“Me and my brother kind of had a conversation about how we never felt like it was real,” Tuckett said. “It didn’t feel real because for so long we had been waiting for this thing to happen. When he called us and we found out that he was going to get out, it was just overwhelmingly beautiful, and exciting, and happy, and so many feelings.
She said it didn’t feel real until he got into her car.
For Lorance, getting out of prison was “the equivalent of going to Disneyland for the first time as a six-year-old kid.”
“I just had this awe and wonderment. I am outside the electric fence and I can walk anywhere I want to,” he added.
Neither expected what happened next. The father-daughter duo became the subject of viral TikTok videos. On October 16, Tuckett, a dance fitness instructor in Utah, recorded a video of her and her dad dancing in a parking lot. The on-screen caption explained she’d recently him up from prison after two decades.
Every Birthday I would blow out my candle and wish for my Dad to get out of prison. I did this untill I was old enough to realized a candle wouldn’t bring him back to me. He had to change. And he did, he did the work, he changed, and now he’s here 💕 And we couldn’t be happier. ##prisontiktok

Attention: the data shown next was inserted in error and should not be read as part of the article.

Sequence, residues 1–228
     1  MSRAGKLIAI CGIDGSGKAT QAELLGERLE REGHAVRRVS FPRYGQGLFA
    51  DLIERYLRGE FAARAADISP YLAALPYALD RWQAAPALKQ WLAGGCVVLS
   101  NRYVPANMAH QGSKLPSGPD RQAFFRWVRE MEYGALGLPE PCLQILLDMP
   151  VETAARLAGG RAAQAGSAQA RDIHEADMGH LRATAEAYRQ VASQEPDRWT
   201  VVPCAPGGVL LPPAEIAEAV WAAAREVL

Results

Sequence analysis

♬ original sound – justinetuckett
The video has since racked up more than 18.5 million views. Subsequent videos posted to Tuckett’s TikTok have also earned millions of views, including one video of Lorance trying Red Bull for the first time and another of him swimming for the first time in two decades.
Lorance said he’d first heard of TikTok on the news in prison
“I didn’t know what the reach of it was like,” he said about the social media platform.
Lorance has gained more than 71,000 TikTok followers since she posted the video of her and her dad dancing, which was the first video she ever uploaded on the platform. His daughter also went from roughly 200 Instagram followers to more than 53,000.
“The wildest thing to me has been the personal messages that I’ve been receiving,” Tuckett said. “I have about probably like a hundred a day from people who share their stories and just tell me how grateful they are that we posted.”
Looking toward the future, Lorance hopes to once again get a job in road construction and continue his work transcribing braille. He said he also plans to volunteer in men’s support groups, substance abuse meetings, and victim awareness meetings.
“There are people that people who terrible things and can be reformed and get out,” Lorance said. “I am going to, for the rest of my life, do whatever I can to promote the message that there are lifestyles and habits and beliefs and morals that if you live those, you are on a slippery slope to incarceration.
“And then once you get in there, you have some choices to make,” he added.
Read the original article on Insider